The town hall of Bruges is one of the oldest in the Low Countries and stood example for several town halls that were erected in other towns afterwards.
The building was completed in 1421 but enlarged and adapted to the needs in the centuries that followed. The facade is richely decorated with gothic windows, towers, statues and the coat of arms of subordinate towns. Inside you should not miss the impressively decorated gothic room. There is also a museum on the ground floor.
The 14th Century Town Hall, with its long, elaborate windows, statues and octagonal turrets, was built in a splendid and dizzying Gothic style. It replaced the 9th century castle of Baldwin I, count of Flanders.
The name Bruges is probably derived from the old-Scandinavian word 'Brygga', which means 'harbor, or mooring place'.
Bruges Town Hall, built between 1376 and 1420 is one of the oldest in the Low Countries. A ceremonial staircase leads from the entrance hall to the first floor. Here you can visit the lavishly decorated Gothic Hall. The ceiling is a swooping, vaulted stunner, while the walls are painted with scenes relating the history of the city. The gorgeous, lavishly decorated walls of the Gothic Hall really stand out. The "Gothic Hall" is actually not gothic but neo-gothic. After a fire turned the interior largely to rubble, it had to be refurbished. That project started in 1890 and was finished in 1905. The result is stunning with a massive decorative mantelpiece, a double polychrome pending wooden ceiling, wall paintings depicting historic events from the history of Bruges and large number of other decorative elements.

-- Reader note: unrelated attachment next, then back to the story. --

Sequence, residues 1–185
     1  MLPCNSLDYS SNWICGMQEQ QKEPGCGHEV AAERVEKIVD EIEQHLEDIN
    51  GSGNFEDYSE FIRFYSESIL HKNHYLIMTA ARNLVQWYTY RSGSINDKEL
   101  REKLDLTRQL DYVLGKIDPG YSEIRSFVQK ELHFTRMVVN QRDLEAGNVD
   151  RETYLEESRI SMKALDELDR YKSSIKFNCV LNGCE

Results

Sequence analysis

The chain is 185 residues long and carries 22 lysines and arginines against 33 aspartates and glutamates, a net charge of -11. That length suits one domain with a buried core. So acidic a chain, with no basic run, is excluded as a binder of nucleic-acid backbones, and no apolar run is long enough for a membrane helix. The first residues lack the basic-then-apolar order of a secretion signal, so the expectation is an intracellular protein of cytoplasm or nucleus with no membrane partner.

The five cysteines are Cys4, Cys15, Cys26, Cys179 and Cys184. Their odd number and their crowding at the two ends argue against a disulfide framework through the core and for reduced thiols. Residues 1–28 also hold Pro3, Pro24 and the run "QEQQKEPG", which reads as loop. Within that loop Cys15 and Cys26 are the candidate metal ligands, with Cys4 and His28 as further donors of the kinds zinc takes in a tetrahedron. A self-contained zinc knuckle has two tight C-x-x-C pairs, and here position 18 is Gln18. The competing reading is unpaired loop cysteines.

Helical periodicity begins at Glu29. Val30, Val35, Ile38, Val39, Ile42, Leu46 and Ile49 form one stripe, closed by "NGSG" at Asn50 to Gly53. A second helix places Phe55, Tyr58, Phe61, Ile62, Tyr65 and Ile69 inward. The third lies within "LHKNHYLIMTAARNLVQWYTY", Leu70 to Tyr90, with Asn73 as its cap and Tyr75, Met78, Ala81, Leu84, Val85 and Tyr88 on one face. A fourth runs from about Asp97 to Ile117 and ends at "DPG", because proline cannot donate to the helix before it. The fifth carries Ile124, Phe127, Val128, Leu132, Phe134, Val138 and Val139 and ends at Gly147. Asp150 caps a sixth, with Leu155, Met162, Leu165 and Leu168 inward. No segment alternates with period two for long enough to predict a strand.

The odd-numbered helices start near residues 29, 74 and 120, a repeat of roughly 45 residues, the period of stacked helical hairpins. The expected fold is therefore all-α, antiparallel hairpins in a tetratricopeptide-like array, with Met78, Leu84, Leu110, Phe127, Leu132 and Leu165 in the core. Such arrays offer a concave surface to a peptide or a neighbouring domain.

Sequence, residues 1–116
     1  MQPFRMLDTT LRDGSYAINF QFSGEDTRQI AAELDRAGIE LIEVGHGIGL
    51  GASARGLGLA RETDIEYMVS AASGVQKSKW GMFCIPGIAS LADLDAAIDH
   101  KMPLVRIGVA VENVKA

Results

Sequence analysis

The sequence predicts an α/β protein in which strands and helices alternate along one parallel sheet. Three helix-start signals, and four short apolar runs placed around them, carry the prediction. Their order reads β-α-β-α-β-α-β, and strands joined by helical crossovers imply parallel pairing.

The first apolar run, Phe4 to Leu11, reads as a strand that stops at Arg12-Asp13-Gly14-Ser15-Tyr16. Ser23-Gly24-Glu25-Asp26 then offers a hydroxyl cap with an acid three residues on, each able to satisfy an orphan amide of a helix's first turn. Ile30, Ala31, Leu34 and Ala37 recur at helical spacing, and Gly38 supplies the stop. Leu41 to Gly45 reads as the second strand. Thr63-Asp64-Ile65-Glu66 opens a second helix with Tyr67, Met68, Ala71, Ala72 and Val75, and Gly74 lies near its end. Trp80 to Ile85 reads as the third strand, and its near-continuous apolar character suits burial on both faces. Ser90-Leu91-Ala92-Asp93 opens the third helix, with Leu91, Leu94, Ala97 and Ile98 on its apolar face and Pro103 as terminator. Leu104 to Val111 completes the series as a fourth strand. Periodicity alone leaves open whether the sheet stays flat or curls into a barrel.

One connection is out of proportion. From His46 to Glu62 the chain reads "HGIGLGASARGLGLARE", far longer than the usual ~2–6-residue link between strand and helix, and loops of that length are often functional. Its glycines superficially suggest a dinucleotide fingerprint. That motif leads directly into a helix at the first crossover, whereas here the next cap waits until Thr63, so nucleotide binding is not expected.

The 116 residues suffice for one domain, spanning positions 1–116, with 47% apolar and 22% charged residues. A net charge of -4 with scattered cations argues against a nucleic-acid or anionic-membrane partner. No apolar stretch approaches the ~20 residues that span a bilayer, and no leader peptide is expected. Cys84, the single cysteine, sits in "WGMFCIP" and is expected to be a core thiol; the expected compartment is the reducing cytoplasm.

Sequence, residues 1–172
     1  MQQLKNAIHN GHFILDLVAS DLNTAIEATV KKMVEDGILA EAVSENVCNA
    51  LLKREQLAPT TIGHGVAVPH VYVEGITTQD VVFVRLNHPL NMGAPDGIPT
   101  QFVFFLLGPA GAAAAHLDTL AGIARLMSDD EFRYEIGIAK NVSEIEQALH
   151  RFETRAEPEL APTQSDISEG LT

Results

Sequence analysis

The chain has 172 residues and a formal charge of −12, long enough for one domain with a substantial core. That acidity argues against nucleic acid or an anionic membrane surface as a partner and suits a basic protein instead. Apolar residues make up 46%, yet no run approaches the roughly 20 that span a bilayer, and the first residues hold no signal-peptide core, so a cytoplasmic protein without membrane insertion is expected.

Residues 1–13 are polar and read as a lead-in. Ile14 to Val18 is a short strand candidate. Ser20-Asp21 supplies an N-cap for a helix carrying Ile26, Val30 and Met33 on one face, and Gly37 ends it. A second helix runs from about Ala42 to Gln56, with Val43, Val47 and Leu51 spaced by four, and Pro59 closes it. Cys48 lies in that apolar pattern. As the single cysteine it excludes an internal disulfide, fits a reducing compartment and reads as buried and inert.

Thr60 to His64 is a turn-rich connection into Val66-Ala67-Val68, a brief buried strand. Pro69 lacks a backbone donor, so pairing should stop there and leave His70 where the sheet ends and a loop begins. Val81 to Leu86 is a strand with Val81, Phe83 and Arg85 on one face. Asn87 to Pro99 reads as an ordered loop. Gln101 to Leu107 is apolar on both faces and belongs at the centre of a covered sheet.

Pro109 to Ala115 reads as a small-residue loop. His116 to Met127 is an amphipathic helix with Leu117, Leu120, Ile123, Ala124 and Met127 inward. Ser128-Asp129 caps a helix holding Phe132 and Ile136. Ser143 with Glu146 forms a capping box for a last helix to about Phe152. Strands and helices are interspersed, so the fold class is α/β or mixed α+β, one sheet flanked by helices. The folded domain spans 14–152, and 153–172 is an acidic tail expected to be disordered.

The building is beautiful, both outside and inside. There is a free exhibition on the ground floor, but an entrance to see the fabulous hall and the museum upstairs.
A must stop if you are site seeing and want to take in the beautiful architecture.
Also, this level of the building contains a small museum chamber with some paintings, carved stonework, and old maps. The entrance to this room is opposite of the large windows, on the right side of the stairs.
The facade is adorned with a large number of statues depicting biblical figures and rules of Flanders. These statues are not the original ones; those were destroyed in 1792 during the French occupation at the end of the 18th century. Once the occupation was over, new statues were carved but due to an inferior quality of the materials, they soon had to be replaced. It eventually took till the 80's of the last century before all statues were renewed. The facade also shows the coat of arms of subordinate towns. Those coat of arms were also removed during the French occupation and replaced afterwards.